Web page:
Estonia on Its Way into a Changing Europe
After Estonia restored its independence in 1991, the first instinct of the national leaders was to join the united Europe as soon as possible.
There was no doubt that if we were to get stuck somewhere in the mid-zone with our Soviet baggage, our freshly won independence would have wilted in no time. Two strategic objectives involved the accession to the European Union and to NATO. Only membership in these international organisations could ensure us safety, economic-political stability, but also the necessary stimulus for carrying out fundamental reforms.
Estonia’s chain of successes might create an illusion that no other way was possible. Yet the possibility that the development could have been blighted by negative influences or been cut short altogether was at least equally as strong. For this reason, we need to recognise and appreciate the efforts of Estonia’s institutions and parliament that took us to our two main goals in less than thirteen years after the restoration of our independence. The European Affairs Committee (EAC) was established in 1997 and developed into the leader and coordinator in the harmonisation of Estonia’s legislation at the parliamentary level. The key issue in harmonising Estonia’s legislation with the EU acquis was the ratio between pace and quality. The results were mostly consensual.
Regular contacts with the European Parliament turned out to be an important asset during our rapprochement with the EU. A special Riigikogu and EP Joint Parliamentary Committee (JPC) was formed in the EP on 29 January 1997. Official meetings took place twice a year – in Tallinn and in Brussels. You can say that the majority of our colleagues in the European Parliament were the most sympathetic and supportive of Estonia’s efforts, out of all the EU institutions.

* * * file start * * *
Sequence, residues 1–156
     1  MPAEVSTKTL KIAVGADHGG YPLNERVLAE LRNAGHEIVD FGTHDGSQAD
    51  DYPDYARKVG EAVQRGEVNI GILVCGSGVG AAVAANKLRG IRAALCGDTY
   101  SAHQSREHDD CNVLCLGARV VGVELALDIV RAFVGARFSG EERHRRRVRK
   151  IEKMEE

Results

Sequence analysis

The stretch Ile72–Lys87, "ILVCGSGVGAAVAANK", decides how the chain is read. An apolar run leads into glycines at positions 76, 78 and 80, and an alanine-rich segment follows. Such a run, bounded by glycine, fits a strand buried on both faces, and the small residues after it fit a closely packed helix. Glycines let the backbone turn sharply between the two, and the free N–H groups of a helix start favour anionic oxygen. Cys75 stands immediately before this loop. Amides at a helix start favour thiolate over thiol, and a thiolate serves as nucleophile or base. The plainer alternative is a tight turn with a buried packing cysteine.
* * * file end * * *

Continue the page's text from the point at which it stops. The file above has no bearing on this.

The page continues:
COSAC conferences (Meeting of the Chairpersons of the Conference of Parliamentary Committees for Union Affairs of Parliaments of the European Union) were an important international outlet in the parliamentary cooperation of the EU Member States and candidate countries. The regular COSAC conferences allowed us to plug into the parliamentary communication of the EU Member States, present the positions that were important for Estonia, and obtain support for these.
Representatives of the Estonian parliament and government participated in the work of the Convent on the Future of Europe, which had been established in December 2001 by a decision of the Council of Europe. The Convent sought a constructive balance between the imminent enlargement of the EU and the structural reforms inside the Union. The work of the Convent culminated with the EU Constitutional Treaty. We received a portent warning signal of the perils ahead from the EU Constitutional Treaty ratification process. This unexpectedly and dramatically brought to light the fears of the “old” Member States when faced with a massive historical enlargement of the Union. This resulted in the French and Dutch citizens rejecting the document drafted by the Convent on the Future. It has remained clear that the “old” Europe continues to struggle to “take in” the 13 new members from 2004–2013. However, the result is better than might perhaps have been expected. Despite the negative forecasts, Estonia did well to concentrate all its efforts on homework, fulfilling the membership requirements, avoiding any excuses to hold back the process. Our successful preparations were founded on determination and consensus on the national level.